Thursday, March 21, 2013

A Tale of Two Teachers

A few weeks ago, the girls over at Pub(lishing) Crawl wrote a post to pay tribute and give thanks to the teachers and librarians who had an impact on their reading and writing lives. There are many teachers who influenced what I read (everything from Asian literature to Greek mythology) and the librarians who were nice enough to help me find books to match my interests (which was definitely primarily mythology for a time). There are two people, however, who deserve to be celebrated for how they changed my life.

The Giving Tree book cover
One of my favorite books ever!

The first person that comes to mind is my third grade teacher, Mrs. Mihevc (and I hope I spelled that correctly!).

Even back in the third grade, I was already a voracious reader. I read anything that I could get my hands on (and it's a miracle I never stumbled on books for older audiences at that point), and I read it quick. My level of comprehension was way above my grade level, and instead of limiting me to what options were available for my class, Mrs. Mihevc went out of her way to let me read stuff that was a little more advanced. When it was discovered that I was going to move away to the Philippines at the end of the school year, Mrs. Mihevc threw me a surprise party one afternoon and her gift (which I still have in my library) was The Giving Tree by Shel Silverstein.

Sir JB & I

Sir JB with me and some of my HS friends!

The second person that immediately popped into my mind is my high school English/creative writing/drama teacher and friend, Mr. Jess Bermudez.

I had heard about him way before I had him as a teacher, mostly because he was one of those teachers touted as fun and easy to get along with. And it was the best thing ever when I finally got the chance to have him as a teacher. He made learning about literature and poetry so entertaining with his creative ideas (like watching films, or acting things out, or fun creative projects like movies, etc). And he also got me started with taking writing as something serious and not just for fun or fan fiction with his creative writing class! He challenged my creativity and my discipline, and was very encouraging when it came to my work. I loved getting to be under his tutelage and learning about literature, grammar, creative writing and even drama. Up until today, he and I are still in touch and still friends, even though he's all the way in London and I in New York City.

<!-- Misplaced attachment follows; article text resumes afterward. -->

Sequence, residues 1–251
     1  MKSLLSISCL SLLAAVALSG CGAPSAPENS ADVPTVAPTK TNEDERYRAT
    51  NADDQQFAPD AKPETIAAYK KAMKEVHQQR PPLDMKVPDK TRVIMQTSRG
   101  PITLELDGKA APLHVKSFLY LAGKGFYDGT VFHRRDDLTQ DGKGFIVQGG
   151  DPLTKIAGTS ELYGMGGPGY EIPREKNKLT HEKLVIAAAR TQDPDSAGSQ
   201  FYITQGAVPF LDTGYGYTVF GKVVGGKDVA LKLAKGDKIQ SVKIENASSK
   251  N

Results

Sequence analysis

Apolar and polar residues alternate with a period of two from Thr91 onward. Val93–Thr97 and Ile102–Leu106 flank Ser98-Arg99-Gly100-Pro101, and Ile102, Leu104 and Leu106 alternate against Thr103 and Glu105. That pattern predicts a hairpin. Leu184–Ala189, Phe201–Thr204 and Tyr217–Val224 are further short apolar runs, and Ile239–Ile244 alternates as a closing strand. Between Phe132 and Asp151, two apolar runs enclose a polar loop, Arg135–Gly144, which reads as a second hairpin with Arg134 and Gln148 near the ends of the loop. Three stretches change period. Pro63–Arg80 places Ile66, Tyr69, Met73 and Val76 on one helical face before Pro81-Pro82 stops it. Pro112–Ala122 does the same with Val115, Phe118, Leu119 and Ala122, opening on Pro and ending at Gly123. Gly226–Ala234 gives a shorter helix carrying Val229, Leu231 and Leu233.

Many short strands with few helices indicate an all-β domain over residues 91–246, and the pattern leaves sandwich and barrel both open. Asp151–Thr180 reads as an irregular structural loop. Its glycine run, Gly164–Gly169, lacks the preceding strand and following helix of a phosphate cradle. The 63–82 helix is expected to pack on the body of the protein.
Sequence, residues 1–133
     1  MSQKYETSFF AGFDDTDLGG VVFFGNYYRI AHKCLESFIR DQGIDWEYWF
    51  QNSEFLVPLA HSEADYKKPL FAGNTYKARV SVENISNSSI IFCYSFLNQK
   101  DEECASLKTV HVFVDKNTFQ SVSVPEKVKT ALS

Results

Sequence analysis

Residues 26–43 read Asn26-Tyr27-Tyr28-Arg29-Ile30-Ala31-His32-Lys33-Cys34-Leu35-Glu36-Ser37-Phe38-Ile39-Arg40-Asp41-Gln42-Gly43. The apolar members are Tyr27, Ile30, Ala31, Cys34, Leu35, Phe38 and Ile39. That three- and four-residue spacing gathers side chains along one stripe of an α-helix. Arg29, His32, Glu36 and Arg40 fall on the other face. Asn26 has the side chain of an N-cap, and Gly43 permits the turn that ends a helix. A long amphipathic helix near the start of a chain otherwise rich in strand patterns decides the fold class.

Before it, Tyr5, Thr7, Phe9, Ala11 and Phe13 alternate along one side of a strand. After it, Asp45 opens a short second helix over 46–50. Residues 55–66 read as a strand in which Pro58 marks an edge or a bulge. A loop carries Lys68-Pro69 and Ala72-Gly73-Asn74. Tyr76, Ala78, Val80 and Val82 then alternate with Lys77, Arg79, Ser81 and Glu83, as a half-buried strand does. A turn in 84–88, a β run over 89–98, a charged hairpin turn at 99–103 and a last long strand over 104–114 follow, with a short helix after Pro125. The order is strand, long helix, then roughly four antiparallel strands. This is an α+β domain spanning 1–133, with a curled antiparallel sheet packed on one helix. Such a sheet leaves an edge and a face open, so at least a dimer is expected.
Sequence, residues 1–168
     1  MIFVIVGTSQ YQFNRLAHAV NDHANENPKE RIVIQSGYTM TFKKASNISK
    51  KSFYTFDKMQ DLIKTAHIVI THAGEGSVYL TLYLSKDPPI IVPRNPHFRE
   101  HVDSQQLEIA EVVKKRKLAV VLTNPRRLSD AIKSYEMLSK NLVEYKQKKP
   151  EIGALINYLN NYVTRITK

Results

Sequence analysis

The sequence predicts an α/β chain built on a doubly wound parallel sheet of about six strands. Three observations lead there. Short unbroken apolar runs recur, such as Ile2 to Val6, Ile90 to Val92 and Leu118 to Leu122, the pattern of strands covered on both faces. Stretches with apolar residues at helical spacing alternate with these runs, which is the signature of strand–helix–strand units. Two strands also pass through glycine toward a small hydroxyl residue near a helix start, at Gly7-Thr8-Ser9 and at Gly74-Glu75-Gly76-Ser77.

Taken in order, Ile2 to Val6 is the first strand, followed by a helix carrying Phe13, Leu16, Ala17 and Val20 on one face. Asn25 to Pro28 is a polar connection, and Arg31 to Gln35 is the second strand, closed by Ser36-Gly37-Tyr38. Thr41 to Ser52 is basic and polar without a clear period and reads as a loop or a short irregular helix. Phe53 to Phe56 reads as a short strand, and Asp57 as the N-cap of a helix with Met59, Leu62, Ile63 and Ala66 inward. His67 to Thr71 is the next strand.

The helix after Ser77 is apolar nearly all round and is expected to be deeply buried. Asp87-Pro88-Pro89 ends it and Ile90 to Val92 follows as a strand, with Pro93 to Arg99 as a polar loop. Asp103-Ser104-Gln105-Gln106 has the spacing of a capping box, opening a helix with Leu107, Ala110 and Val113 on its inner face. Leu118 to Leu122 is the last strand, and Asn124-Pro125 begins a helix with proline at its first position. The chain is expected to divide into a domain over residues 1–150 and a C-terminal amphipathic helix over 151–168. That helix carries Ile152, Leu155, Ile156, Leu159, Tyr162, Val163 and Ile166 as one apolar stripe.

I'm grateful that these two wonderful teachers were a part of my life, as they forever changed the way I looked at reading and writing. So, feel free to tell me in the comments - did a teacher or librarian influence your writing and your reading? Or was it someone else in your life - a family member, a friend, a mentor?

16 comments:

  1. For me, it was a family member. My aunt Coleen was the catalyst that fueled my love of reading. We (my brother and I) stayed at her house about two times a month - having no kids of her own, she considered us her kids. We had a routine - we'd have dinner, listen to ridiculously bad jokes from my late uncle, clean up and head to the bookstore. She was never one of those people who told me I HAD to stay in the kid's section when I was a kid. I was allowed to roam around and choose whatever I wanted. So I was reading Iris Johansen's forensic sculptor series at the ripe age of 10 and attempting GRRM's Song of Ice and Fire series LONG before I should have. All of the midnight releases for the Harry Potter books? My aunt Coleen was the woman wearing a complete witchy outfit, but making it look classy and at one in the morning while we stood in line. She was also the one who had to turn of the lights for me because I was up reading long into the night.

    Anyway, loved hearing your story. Having people in your life that build the foundation for a life long love, there's nothing better. And a teacher, somebody who goes above and beyond their job to inspire you? That is even more outstanding. : )

    (Sorry for the novel)

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    1. I loved hearing your story about your aunt, so no need to apologize! I'm glad you had your aunt encourage your reading. In my family, it's my mom who really did that for me consistently, although now she likes to tease me that I've ALWAYS got my head in a book!